Anti-Aliased: Virtual worlds as the great equalizer


So apparently it's gay pride week. I, pretty literally, had absolutely no clue that gay pride week was this week, even though I was lucky enough to speak at Metaplace's Metapride diversity event. Yes, I'm just that oblivious to my surroundings, even when I'm directly participating in them.

I know I don't hide the fact that I'm transgender, but I'm certain that not many people click on my author link here at Massively or really ponder the significance of my @sera_brennan Twitter username. That last sentence is probably the first time many of you long term readers even heard that I was transgender. (Although I remember someone wrote the site once and told them to correct all of the times in my author profile that I was referred to as "she" because it was obviously a typo.)

I owe much to my online escapes, as they aid me in more ways than just providing a fun distraction. They give me the opportunity to appear as I truly feel inside, and let me interact with others without the stigma of being or appearing to be transgendered attached. Beyond just me, however, are hundreds of thousands, or perhaps even millions of individuals who have gained an advantage or some sort of insight thanks to virtual worlds.
My side of things...

Being transgendered is something I never actively decided. You don't just wake up one morning and decide to be transgendered from that point forth. It is, for all intensive purposes, not a decision that you get to make. It's an unexplainable feeling of wrongness that stabs you in your chest everyday, every moment, every second of your life. You know how you feel when you're really uncomfortable, like when you're about to give a speech to a huge audience or when you're about to perform? That's how I feel all the time. It's not pain in the literal sense of the word, but it hurts. It hurts a lot.

"I got a taste of what it's like to be the other gender in social situations, thanks to virtual worlds."

I am a male to female transgendered person -- basically a male who feels more at home when I'm female. My name is Seraphina Brennan, although many people just call me Sera Brennan. It has nothing to do with my sexuality, so don't confuse it with me being gay or bi or what have you. (I like women as much as the next male does, sorry guys.) I'm just like every other gamer. I play tons of MMOs, I own Halo 3, and I suck at being the spy in Team Fortress 2. (Darn you people who are really good at spying!)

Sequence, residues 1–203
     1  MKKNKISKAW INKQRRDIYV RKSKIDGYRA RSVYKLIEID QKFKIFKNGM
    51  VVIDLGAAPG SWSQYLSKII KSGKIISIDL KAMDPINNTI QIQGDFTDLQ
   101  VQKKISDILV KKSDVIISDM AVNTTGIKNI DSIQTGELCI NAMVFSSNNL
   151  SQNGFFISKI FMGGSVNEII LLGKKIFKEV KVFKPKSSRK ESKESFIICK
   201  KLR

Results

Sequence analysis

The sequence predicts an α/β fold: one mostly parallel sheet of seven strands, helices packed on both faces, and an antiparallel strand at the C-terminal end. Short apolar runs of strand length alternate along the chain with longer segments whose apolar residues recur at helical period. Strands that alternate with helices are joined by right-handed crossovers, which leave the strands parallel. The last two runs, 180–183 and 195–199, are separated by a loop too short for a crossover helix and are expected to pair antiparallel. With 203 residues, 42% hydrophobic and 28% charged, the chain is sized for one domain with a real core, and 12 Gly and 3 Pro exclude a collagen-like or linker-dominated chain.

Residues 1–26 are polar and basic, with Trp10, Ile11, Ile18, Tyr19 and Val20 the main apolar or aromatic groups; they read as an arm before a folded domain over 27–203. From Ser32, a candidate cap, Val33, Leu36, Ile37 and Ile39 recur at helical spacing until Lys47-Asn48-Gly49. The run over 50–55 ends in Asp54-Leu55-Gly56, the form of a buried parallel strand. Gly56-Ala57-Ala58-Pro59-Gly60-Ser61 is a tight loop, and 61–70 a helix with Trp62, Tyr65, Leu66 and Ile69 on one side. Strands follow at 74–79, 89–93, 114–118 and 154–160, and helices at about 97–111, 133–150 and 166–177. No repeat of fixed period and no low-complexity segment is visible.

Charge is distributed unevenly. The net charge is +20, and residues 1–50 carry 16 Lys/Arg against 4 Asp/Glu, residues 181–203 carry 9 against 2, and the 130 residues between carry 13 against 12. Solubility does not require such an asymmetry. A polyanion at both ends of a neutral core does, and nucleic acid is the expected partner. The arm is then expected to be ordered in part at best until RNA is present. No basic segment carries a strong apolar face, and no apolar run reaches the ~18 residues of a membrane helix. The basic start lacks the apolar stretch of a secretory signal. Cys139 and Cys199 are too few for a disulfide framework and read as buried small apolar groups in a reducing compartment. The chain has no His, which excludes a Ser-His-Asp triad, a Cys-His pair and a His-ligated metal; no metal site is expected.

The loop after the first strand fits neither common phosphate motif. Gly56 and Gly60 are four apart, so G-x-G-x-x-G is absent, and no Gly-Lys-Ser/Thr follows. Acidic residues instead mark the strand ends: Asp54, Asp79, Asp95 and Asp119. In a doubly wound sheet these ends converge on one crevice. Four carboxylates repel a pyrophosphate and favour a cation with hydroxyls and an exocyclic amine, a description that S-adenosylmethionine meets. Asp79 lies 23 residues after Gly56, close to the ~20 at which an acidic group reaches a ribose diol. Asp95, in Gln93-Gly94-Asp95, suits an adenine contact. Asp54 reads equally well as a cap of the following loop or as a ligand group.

But MMOs and virtual worlds have always been a very special case for me. For a very long time, I obviously could not dress how I wanted. While people are much more understanding these days, there still is a very real stigma when people see you as a transgender. So, in order to cushion some of the blow, I turned to virtual worlds.

All of my avatars, no matter the game, are female. I could express how I felt inside and no one would question me. Sure, 3/4ths of the female avatars in games are usually played by guys, but that didn't matter. I had a place where I could feel right.

It also exposed me to some of the absolutely wonderful interactions women get in real life and on the Internet. Instead of adventuring alone, I'd get group invites and the usual "wow babe ur so hot," whispers in my chat window every once in a while. You wouldn't think that it's really different being a guy over being a girl, but it is. People became slightly more forgiving in party situations, simply because I acted like a female and I had a female avatar. People let me have more items and they would contact me more frequently for groups.

I got a taste of what it's like to be the other gender in social situations, thanks to virtual worlds. I also had a place where I could be me and avoid the constant mental sting, and finally feel "right." But virtual worlds don't just break down gender barriers...

This article was originally published on Massively.